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Top Questions To Ask Your Child’s Tutor At Every Milestone

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Your child’s tutor is a great asset when it comes to understanding how well your child is doing in school.

He or she is trained to analyze how your child learns new things, adapts to new challenges, and reacts to being tested. This makes your child’s tutor a great source of insight into how your child is performing (and progressing) academically.

Not only is it important to ask the right questions about your child’s academic performance—its also important to ask these questions at the right time.

As your child progresses through his or her tutoring program, his or her skill level will also progress. Your child will improve on skills, face challenges in particular areas, and identify new areas of strengths and weaknesses.

At Oxford Learning, we review these milestones approximately every six weeks during Lesson Planner Review appointments. Attending these short meetings are the perfect opportunity for parents to check in on their child’s progress and ask any important questions.

To help make things easier, we’ve created a list of questions to ask your child’s tutor at every milestone so you can better understand how your child is progressing.

Questions You Should Be Asking Your Child’s Tutor

Milestone 1: When Your Child Starts The Tutoring Program

Speak to prospective tutors before choosing a program to enrol your child in to ensure it is a good fit. Many parents don’t know what to expect when signing up their son or daughter for tutoring, so take this opportunity to get a better understanding of the tutoring service’s teaching process, what to expect from the program, and how the tutors will approach the learning experience with your child. Check out our blog post for more tips on what to look for when choosing a tutoring program.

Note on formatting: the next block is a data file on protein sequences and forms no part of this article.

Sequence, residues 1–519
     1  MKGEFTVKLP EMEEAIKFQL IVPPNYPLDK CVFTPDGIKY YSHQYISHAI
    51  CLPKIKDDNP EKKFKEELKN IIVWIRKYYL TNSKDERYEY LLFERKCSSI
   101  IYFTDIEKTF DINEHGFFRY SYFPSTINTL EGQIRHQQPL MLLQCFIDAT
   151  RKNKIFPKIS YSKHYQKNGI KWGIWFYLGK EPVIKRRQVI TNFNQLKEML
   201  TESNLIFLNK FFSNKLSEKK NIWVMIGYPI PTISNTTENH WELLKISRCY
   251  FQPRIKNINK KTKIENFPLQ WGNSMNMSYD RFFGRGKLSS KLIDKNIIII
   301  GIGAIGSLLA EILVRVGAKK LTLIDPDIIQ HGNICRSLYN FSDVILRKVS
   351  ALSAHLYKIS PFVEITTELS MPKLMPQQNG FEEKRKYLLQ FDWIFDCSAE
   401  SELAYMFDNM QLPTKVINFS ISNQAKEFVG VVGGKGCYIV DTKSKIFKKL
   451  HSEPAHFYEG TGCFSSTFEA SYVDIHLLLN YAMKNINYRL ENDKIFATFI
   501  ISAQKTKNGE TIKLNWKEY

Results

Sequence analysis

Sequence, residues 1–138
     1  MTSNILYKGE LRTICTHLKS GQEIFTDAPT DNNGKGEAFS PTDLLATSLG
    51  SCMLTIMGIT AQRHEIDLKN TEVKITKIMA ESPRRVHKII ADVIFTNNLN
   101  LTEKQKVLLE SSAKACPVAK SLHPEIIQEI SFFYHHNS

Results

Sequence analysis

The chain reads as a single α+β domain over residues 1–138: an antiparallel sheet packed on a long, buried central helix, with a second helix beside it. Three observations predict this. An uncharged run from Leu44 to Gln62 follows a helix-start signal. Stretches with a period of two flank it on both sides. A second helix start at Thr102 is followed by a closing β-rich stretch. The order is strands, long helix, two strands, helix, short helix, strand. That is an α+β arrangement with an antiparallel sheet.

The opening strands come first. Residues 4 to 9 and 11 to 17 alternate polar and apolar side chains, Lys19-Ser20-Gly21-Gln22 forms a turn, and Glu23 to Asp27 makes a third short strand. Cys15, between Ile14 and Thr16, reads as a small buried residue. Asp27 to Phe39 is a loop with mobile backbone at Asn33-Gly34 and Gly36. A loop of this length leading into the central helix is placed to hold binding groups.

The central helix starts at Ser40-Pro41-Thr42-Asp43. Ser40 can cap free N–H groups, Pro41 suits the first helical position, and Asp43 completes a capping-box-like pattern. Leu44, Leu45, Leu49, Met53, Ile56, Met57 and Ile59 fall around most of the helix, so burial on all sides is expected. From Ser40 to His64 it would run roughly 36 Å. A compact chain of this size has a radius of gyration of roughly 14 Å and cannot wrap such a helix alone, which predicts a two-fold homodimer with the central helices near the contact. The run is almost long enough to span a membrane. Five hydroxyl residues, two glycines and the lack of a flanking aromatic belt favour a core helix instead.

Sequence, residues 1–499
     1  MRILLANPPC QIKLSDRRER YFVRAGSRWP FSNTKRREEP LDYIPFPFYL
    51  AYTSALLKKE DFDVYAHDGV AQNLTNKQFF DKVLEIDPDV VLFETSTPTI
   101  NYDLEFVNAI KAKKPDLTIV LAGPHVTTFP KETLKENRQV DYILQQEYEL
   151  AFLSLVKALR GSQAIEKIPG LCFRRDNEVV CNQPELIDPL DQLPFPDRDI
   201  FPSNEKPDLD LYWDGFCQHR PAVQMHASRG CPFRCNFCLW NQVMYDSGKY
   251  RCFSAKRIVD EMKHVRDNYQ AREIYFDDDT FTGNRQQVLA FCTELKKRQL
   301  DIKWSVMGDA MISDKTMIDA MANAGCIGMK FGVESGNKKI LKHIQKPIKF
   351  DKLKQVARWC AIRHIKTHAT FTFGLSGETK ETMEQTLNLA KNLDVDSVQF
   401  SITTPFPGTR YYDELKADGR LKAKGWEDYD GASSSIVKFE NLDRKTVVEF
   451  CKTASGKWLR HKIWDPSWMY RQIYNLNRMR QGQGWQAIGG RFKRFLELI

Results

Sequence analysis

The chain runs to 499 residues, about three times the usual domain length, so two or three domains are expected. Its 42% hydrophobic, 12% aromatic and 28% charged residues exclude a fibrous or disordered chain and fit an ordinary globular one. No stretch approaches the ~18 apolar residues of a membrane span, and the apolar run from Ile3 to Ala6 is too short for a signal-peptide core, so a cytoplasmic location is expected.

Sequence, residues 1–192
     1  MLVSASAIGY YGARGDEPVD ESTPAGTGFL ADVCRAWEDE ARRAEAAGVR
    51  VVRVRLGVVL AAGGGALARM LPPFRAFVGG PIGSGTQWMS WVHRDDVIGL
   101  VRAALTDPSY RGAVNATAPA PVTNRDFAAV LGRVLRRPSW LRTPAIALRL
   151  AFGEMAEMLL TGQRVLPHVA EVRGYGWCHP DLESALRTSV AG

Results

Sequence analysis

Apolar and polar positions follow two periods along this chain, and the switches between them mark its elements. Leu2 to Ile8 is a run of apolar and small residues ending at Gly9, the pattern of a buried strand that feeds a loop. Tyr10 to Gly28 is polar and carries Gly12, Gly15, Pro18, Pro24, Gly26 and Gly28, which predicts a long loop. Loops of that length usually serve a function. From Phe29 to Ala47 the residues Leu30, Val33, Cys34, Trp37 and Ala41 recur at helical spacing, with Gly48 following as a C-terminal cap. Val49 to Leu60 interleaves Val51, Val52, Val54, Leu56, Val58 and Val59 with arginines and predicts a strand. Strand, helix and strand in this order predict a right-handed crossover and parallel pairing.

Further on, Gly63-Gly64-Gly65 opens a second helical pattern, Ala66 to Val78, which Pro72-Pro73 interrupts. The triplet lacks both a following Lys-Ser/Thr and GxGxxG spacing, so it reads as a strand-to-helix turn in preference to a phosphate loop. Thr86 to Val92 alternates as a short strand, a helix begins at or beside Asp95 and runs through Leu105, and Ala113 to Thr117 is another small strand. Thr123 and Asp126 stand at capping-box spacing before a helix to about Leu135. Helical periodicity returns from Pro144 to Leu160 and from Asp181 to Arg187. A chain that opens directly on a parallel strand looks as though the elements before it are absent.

Specific questions to ask:

  • How will you get a sense of my child’s learning needs?
  • What kind of results can I expect to see?
  • How can I help make my child more comfortable with tutoring?
  • What is your teaching process?
  • How will you measure my child’s progress?

  • Milestone 2: Before/After Your Child’s First Test

    Prepping for unit tests or exam season can be a very stressful time for students—and all students respond differently to that pressure. Talk to your child’s tutor about any areas your child struggles with when prepping for tests, whether it’s procrastination, creating study notes, or test anxiety. You can also ask if he or she has any recommendations when it comes to helping your child study at home. After the test, evaluate any improvements that your child has made and any areas he or she may still be struggling with.

    Specific questions to ask:

  • Which study habits or skills does my child struggle with most?
  • Which study habits has my child been able to improve?
  • Does my child seem anxious when reviewing the material?
  • Does my child seem indifferent to being tested or motivated to succeed?
  • Do you have any recommendations for helping my child study at home?

  • Milestone 3: After Your Child’s First Term/Semester

    The end of a term is a great time to touch base and have a discussion about your child’s progression. Take this time to ask about trends your tutor has noticed in your child’s studying habits, as well as times he or she saw improvement in performance. This information will help you and your child approach the upcoming term with new goals in mind.

    Specific questions to ask:

  • How has my child adjusted to tutoring?
  • How has my child been progressing in his or her program?
  • Which areas saw the most improvement this semester?
  • Are there any areas my child should continue to focus on in the new semester?
  • How can I support my child in the coming semester?

  • Milestone 4: After The School Year Ends

    Once the school year has ended, it’s time to take a deeper look at the past year of tutoring and analyze how your child has progressed long term. Sit down with your child’s tutor and talk about patterns or trends he or she noticed in your child’s learning skills. You can also use this time to discuss summer learning programs and how your child can continue learning during the summer break.

    Specific questions to ask:

  • Where has my child improved the most over the past year?
  • Are there any challenges my child still faces?
  • Which areas still have room for improvement?
  • What are 3 goals my child should set for next year?
  • What can I do over the break to ensure my child retains everything he or she has learned?
  • Take Full Advantage of Tutoring

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    6 Common Types of Students to Enrol in Tutoring
    How to Find the Right Tutoring Program for Your Child

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